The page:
Several years ago the Friends of Bledsoe Creek State Park secured a $30,000 grant to repave and repair the Mayo Wix handicap accessible trail. Monies collected through dues and donations have been used to buy a golf cart for campground hosts, boats for lake tours, U.S. Flags for holidays, has made upgrades to parking areas, Jr. Ranger Camp, free fishing rodeo, Halloween, snacks for many hikes, arts and craft supplies, and summer activities.
This 169-acre site is situated on the Bledsoe Creek embayment of Old Hickory Lake in Sumner County. The park has 6 miles of hiking trails. The 57 campsites have been newly renovated and all sites have electricity and water. This area is rich in history. It was once a prime hunting ground for the Cherokee, Creek, Shawnee, and Chickamauga Indian tribes. It was shared by all, owned by none. Buffalo and deer followed trails through the region in pursuit of salt and other mineral springs. Here the Indian could hunt and provide meat for food, skins for clothing, and bones to be used for tools.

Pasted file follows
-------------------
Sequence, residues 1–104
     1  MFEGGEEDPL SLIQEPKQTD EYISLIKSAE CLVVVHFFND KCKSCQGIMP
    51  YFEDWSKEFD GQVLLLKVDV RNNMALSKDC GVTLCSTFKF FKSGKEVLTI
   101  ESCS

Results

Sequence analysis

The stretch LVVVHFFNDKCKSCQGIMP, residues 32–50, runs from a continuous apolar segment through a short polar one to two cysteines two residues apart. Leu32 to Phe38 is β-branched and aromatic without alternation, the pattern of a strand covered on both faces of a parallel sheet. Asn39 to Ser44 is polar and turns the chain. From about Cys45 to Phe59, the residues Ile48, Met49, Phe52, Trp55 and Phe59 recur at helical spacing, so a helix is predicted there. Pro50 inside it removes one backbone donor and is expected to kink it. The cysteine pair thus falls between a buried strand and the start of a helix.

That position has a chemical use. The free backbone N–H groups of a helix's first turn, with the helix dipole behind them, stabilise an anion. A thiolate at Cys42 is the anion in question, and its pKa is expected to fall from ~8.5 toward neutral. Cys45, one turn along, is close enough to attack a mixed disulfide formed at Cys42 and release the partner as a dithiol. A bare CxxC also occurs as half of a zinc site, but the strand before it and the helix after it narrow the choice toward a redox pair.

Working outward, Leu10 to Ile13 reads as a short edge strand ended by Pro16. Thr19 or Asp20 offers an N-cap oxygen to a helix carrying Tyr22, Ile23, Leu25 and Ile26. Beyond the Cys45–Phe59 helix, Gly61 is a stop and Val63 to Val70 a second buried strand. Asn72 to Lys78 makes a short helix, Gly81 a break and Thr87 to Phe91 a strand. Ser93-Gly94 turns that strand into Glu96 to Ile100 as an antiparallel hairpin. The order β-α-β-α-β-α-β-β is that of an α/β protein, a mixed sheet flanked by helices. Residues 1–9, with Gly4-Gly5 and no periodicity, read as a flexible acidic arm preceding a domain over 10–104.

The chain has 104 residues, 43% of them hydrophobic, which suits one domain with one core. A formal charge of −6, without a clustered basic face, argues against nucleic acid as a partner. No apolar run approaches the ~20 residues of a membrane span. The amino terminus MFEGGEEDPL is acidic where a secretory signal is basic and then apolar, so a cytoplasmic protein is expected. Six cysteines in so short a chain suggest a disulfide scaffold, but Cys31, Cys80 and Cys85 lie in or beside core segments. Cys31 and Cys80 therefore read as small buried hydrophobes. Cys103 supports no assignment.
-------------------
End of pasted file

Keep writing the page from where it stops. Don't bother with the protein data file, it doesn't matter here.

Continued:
Unlike the white men, the indians wasted nothing. With the coming of the white man, the once great heard of animals were dispersed, never to return. Little wonder that much blood stained this area. The park is named for Isaac Bledsoe, who is accredited with settling the area. Cragfont, located about 3.5 miles north of the park entrance, was the home to General James Winchester and constructed for him of rocks hauled, from his native Maryland. Winchester, a veteran of both the American Revolution and the War of 1812, took an active part in the settlement of this region during the troubled and bloody times with the indians. Cragfont, high atop a rocky bluff, appears majestic indeed to those who observe it from below. It was probably the first rock structure to be completed in the state. It is operated by the Sumner County Chapter of the Association for the Preservation of Tennessee Antiques. Wynnewood is also located in the area. Wynnewood is the largest extant log structure in tennessee. It was built in 1828 by A.R. Wynne, William Cage, and Stephen Roberts as a stagecoach inn on the Nashville-Knoxville road.